the fourth overtime did not go well for Michigan’s offense. Two incomplete passes by Devin Gardner failed to move the football forward, and a delay of game put Michigan back on the 30-yard line. A seven-yard run by Gardner set Gibbons up for a 40-yard attempt, which was good for a 40-37 lead before Penn State got their chance. Penn State relied on the running game to start moving the football forward, with Belton carrying the load. Belton had taken over in the backfield as the primary rusher after Zach Zwinak‘s struggles became a problem. Belton carried the football three times to put Penn State in a fourth and one. Rather than kick and move to a fifth overtime, Penn State head coach Bill O’Brien kept his offense on the field to pick up the first down. It worked, with Belton showing patience to pick up a couple of extra yards. After a pass interference call against Michigan in the end zone gave Penn State a free first down, Belton cashed in with a run to the left side of the field and nothing but open room from two yards out. The touchdown by Belton clinched the win for Penn State and sent Michigan home regretting giving Penn State a shot at this one.

Michigan’s defense had done a good job in the second half, which started with a fumble returned for a touchdown on Penn State’s first play of the second half. The return cut Penn State’s lead to 21-17 and the Wolverines took a 27-24 lead in to the fourth quarter. A 37-yard touchdown pass from Gardner to tightend Devin Funchess caught Penn State without a safety on the field and a linebacker chasing down field well out of position. It was a play like that which seemed to show how Penn State’s depth issues were starting to hurt them. But this Penn State team found a way to bounce back when the going got tough, something that eluded them a week ago in Bloomington, Indiana. Penn State gets all sorts of credit for coming back the way they did time and time again, but there are some real concerns about Michigan going forward now.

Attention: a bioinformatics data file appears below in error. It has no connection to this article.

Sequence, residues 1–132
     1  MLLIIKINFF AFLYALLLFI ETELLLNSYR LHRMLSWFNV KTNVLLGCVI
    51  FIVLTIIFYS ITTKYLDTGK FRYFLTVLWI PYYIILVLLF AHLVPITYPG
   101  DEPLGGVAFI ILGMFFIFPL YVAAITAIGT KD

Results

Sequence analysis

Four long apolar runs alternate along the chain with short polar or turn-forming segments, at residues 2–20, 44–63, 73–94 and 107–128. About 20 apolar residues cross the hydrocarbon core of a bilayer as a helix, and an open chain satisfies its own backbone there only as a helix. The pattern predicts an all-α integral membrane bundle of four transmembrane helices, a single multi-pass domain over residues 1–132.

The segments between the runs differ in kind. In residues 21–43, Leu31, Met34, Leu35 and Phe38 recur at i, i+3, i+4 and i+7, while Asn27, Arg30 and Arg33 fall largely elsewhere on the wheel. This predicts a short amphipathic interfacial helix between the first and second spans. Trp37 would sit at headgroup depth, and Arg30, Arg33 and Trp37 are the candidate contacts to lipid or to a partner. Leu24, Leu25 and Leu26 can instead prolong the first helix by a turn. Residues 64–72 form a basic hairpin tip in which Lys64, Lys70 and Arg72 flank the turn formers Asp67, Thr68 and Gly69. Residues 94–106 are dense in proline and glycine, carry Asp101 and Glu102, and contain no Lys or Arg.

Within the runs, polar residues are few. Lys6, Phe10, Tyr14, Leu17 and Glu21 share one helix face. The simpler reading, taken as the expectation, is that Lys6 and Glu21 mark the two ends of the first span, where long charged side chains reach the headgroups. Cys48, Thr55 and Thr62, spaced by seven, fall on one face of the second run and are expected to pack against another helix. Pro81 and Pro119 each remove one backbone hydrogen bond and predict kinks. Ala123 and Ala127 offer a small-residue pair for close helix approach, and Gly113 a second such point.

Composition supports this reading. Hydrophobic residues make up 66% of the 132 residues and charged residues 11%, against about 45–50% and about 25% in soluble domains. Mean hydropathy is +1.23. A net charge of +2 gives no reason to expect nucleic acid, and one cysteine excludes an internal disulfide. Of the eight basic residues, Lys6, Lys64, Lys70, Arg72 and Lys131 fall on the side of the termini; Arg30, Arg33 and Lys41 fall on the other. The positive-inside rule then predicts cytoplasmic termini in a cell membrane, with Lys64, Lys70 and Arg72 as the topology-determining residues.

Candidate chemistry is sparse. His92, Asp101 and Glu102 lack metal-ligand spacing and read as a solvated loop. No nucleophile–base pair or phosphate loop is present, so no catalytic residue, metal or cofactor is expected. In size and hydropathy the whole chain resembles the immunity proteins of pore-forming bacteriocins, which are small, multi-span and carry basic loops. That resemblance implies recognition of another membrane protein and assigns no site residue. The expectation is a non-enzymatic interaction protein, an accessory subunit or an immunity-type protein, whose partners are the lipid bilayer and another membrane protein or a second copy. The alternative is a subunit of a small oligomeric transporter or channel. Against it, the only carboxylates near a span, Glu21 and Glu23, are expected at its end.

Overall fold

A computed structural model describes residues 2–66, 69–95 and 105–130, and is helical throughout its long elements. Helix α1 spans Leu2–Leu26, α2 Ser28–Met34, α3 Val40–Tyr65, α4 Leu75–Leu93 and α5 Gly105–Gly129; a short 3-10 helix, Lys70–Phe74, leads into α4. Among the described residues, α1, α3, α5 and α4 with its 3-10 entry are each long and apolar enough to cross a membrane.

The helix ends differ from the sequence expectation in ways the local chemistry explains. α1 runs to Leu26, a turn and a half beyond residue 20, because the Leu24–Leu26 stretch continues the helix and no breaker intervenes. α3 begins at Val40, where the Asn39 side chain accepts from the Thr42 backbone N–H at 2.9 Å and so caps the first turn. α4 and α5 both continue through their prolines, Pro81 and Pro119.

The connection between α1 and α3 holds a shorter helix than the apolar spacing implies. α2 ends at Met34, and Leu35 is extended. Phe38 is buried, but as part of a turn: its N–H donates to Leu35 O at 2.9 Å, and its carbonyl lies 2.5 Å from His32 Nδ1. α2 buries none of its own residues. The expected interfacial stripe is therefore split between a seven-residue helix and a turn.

Michigan once again struggled in a game they probably should have won without much of a problem. The road woes continued for Michigan head coach Brady Hoke, and now the Wolverines are left scratching their heads instead of celebrating a 6-0 start. Can Michigan still come back and make a run for Indianapolis, the site of the Big Ten championship game? Absolutely, because nobody in the Big Ten’s Legends Division is running away with anything. Northwestern lost to Wisconsin and Michigan still has games against the Wildcats, Michigan State and Nebraska ahead of them before getting to Ohio State.

Louisville QB Lamar Jackson torched youth football rivals like Mike Vick